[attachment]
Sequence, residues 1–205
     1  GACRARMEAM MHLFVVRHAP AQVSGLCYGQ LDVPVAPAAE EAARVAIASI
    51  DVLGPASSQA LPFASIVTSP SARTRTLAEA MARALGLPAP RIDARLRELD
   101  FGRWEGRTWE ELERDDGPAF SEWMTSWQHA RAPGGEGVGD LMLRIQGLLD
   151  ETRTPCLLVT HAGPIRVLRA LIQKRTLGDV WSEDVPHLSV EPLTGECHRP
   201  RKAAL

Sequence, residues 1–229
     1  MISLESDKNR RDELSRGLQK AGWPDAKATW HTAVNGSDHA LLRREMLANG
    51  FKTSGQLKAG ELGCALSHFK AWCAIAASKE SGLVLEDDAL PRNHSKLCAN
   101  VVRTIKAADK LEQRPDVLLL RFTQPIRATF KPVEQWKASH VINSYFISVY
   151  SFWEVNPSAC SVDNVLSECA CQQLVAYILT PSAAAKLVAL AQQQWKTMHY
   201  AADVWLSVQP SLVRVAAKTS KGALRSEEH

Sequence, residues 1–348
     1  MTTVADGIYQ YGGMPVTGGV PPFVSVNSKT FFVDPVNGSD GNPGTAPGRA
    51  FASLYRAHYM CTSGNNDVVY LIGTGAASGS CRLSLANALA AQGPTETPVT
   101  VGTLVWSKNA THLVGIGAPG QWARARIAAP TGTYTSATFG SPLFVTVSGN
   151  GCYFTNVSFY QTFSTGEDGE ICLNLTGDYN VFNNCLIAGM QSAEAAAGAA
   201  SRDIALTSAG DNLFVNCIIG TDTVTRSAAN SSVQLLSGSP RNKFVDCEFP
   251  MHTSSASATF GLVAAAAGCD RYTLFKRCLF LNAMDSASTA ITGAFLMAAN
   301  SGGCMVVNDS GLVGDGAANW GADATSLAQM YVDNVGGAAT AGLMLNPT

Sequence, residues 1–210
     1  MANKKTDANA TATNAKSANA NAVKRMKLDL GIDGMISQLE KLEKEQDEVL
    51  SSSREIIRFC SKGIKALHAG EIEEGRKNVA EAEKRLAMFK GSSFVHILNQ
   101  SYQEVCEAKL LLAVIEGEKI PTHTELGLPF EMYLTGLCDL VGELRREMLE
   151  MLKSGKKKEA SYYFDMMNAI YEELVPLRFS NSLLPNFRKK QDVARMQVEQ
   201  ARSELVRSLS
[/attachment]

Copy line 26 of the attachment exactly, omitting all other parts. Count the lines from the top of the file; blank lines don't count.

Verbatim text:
   201  ARSELVRSLS